Posted: Sept. 22, 2014, 8:01 a.m. by Rachel Stone
In my first post in this series I outlined the factoid model we were using to record information, which can be schematically represented as follows:
The vast majority of the information we include in the database consists of such factoids: charter-specific assertions about agents (individuals and institutions), places and objects. However, the database has to start with basic data for such entities, which can then be linked together in factoids. This post will discuss how we decided to record identifying information for each agent and the data structures we used.
Agent model: individuals
The key problems when dealing with individuals in a database are firstly their identification and secondly the standardisation of name forms. Both are particularly difficult for the Charlemagne project because of the type of source material we have. Identification is difficult, because, as I’ve discussed before, most of the individuals we’re dealing with are too insignificant to appear in the standard authority databases. For example, For example, VIAF (Virtual International Authority File) contains a record (in fact several) for Fulrad, abbot of St-Denis, but not one for Rado, one of the most active of Charlemagne’s scribes, let alone Rebellis, who turns up in one of Charlemagne’s late charters. In addition, we have names from a particularly wide range of ethnic backgrounds, which makes standardisation harder than for e.g. names in the Prosopography of Anglo-Saxon England (PASE) database.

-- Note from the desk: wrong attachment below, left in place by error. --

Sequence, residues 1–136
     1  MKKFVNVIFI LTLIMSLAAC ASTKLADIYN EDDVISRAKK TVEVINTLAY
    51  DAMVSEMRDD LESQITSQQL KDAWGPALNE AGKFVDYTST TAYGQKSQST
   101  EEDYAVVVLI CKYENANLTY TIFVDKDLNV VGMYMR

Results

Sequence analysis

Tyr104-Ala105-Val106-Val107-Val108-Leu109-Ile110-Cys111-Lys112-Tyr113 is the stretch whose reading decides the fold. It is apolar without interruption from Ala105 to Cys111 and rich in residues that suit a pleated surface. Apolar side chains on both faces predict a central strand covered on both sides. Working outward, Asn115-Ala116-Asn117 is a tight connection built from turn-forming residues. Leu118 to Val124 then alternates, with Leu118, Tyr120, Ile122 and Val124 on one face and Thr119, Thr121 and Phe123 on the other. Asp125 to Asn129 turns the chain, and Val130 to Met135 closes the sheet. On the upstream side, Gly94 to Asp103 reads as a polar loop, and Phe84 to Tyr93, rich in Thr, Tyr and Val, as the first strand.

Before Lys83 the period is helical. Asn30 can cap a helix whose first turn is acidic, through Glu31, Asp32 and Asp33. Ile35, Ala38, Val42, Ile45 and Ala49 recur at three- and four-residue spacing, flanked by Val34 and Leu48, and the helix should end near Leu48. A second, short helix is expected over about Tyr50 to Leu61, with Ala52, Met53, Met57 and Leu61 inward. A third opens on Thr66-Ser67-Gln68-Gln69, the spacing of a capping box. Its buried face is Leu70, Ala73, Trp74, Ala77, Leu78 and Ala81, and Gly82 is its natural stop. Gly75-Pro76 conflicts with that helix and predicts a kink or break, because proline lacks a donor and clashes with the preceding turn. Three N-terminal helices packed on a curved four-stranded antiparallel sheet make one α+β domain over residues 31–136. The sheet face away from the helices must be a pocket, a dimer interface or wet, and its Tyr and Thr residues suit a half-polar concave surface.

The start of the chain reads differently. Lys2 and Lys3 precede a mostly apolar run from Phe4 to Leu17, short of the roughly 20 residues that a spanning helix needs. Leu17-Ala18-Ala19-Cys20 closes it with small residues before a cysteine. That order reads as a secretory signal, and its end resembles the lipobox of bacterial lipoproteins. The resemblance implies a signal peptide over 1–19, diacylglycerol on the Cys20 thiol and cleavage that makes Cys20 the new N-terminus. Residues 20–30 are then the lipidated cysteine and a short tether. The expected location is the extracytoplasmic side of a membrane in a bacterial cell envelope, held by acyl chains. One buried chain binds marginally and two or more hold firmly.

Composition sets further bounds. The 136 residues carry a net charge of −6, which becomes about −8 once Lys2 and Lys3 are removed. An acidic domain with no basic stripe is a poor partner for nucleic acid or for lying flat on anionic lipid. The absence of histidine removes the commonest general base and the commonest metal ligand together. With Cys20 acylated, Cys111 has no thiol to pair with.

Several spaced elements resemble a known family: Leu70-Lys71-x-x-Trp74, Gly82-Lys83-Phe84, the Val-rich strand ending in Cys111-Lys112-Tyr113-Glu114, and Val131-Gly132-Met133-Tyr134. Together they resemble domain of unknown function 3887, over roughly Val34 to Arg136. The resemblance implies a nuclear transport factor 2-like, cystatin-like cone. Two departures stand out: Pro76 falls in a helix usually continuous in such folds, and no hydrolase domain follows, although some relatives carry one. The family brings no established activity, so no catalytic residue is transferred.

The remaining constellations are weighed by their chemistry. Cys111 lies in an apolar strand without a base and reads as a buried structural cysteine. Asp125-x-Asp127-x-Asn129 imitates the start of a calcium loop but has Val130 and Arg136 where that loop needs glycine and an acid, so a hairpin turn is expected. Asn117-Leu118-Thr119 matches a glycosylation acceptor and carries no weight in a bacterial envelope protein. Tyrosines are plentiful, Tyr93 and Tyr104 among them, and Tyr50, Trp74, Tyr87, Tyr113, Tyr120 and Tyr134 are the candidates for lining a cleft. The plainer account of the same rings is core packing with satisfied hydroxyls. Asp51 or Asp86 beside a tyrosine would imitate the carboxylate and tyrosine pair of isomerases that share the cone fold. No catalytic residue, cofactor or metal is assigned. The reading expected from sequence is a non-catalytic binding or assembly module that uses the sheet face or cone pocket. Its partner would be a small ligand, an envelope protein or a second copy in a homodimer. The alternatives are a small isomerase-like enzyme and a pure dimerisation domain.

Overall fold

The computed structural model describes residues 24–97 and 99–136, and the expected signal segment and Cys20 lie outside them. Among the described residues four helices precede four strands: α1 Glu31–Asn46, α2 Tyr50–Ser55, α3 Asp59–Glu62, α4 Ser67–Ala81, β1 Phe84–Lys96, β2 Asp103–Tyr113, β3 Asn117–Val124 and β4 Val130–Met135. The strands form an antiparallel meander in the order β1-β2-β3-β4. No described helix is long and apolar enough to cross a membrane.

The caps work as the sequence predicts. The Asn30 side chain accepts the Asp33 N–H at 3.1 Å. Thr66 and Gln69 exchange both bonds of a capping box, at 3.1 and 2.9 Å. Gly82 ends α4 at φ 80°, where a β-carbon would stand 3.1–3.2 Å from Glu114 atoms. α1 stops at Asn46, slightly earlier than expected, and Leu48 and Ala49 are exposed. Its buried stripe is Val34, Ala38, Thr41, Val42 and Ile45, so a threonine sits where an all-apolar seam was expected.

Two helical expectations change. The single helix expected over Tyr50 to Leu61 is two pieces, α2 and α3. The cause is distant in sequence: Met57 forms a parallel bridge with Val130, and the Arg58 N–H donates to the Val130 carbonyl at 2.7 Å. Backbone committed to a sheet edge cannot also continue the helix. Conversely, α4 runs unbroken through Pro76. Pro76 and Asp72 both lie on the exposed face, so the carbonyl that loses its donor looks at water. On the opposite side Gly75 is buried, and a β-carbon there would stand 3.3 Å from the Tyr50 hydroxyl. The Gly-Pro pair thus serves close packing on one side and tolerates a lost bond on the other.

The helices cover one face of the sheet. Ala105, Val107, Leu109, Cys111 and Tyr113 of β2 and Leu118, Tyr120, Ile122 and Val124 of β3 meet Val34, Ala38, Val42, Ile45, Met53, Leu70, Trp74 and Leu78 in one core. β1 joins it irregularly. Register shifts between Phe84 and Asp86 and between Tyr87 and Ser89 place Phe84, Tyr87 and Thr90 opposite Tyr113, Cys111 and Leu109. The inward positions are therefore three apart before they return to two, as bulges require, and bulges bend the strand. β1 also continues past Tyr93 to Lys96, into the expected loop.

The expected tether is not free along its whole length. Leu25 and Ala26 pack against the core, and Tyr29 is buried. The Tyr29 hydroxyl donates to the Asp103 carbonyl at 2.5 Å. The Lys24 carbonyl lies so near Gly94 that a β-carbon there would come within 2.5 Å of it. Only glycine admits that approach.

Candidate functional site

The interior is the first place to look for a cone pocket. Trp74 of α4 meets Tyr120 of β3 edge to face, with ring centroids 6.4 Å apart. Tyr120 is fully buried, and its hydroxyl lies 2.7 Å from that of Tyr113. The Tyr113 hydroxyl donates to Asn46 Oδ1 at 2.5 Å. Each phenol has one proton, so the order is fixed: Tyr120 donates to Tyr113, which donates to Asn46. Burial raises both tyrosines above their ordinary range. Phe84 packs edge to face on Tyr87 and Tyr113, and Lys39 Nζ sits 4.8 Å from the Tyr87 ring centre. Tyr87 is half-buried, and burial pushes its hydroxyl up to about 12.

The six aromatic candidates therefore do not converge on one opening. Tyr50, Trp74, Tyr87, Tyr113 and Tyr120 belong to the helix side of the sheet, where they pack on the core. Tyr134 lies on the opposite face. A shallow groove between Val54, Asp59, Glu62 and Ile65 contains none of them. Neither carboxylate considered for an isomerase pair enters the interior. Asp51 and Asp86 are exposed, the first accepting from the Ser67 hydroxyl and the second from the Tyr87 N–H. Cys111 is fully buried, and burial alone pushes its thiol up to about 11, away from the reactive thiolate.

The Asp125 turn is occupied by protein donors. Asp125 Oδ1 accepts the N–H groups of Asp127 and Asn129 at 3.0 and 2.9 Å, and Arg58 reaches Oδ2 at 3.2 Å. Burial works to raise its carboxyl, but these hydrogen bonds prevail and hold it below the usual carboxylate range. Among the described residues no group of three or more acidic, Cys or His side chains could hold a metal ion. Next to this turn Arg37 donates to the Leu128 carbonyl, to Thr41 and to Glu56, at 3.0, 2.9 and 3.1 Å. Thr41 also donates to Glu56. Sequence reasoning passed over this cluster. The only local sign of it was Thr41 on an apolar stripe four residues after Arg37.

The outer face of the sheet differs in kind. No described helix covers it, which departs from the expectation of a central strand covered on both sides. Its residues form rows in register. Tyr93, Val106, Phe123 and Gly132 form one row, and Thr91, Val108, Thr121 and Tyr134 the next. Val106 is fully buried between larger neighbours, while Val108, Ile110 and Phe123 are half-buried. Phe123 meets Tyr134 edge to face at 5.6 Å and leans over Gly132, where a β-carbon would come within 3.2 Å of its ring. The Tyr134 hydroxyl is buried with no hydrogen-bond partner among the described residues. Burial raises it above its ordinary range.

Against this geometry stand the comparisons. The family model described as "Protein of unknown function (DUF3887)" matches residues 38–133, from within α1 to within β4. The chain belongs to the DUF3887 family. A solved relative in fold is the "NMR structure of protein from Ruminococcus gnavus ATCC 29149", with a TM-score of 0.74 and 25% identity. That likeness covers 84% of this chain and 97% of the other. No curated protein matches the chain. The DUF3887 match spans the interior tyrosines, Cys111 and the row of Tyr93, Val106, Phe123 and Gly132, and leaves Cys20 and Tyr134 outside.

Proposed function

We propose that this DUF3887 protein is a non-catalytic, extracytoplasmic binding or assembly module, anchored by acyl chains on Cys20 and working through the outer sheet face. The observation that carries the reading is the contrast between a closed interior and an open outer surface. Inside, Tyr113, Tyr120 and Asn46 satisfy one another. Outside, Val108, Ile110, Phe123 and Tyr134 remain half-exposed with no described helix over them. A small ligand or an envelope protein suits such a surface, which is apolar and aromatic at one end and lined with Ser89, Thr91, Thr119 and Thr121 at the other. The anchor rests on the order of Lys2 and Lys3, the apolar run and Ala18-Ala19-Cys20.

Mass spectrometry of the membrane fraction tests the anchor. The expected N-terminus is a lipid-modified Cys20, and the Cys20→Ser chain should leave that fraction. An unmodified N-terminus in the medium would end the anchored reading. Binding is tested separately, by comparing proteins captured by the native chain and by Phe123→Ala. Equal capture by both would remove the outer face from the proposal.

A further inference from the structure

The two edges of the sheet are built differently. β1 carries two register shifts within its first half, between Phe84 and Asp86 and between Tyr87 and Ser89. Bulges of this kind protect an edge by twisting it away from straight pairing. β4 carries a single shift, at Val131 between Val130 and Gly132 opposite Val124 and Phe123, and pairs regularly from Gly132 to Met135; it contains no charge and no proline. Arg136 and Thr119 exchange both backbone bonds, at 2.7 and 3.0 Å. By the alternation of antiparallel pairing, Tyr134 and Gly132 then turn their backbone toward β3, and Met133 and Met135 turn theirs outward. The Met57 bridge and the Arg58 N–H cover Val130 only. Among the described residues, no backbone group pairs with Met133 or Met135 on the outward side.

There is, however, one database we have used extensively: Nomen et Gens. This is our main external authority both for identification of individuals and for standardised spellings of early medieval names, since it provides detailed onomastic data for the eighth century. There are still difficulties in how we makes best use of NeG’s standard names, however, especially since their standardisation often involves the use of phonetic spellings, such as Hrōþaberhtaz for Robert/Rupert etc.
What is more, even the Nomen et Gens database has records for less than half the individuals who appear in our charters (although its coverage of name forms is higher). Our standard practice, therefore, is to create a new agent for each name in a new charter unless we have a strong reason to believe that the agent already exists (either because of specific details of their family or office) or because of a definite identification by the editor of the charter which we accept as plausible. This cautious approach may mean that we have wrongly split agents at time, but this was thought better than wrongly amalgamating two separate individuals. The input interface also includes the option to input possible/probable identifications of two agents with one another, thus allowing for future “tidying” of entries if more information becomes available. We hope for feedback from users if they spot people who can safely be amalgamated.
The basic record for an agent who is an individual person looks like this: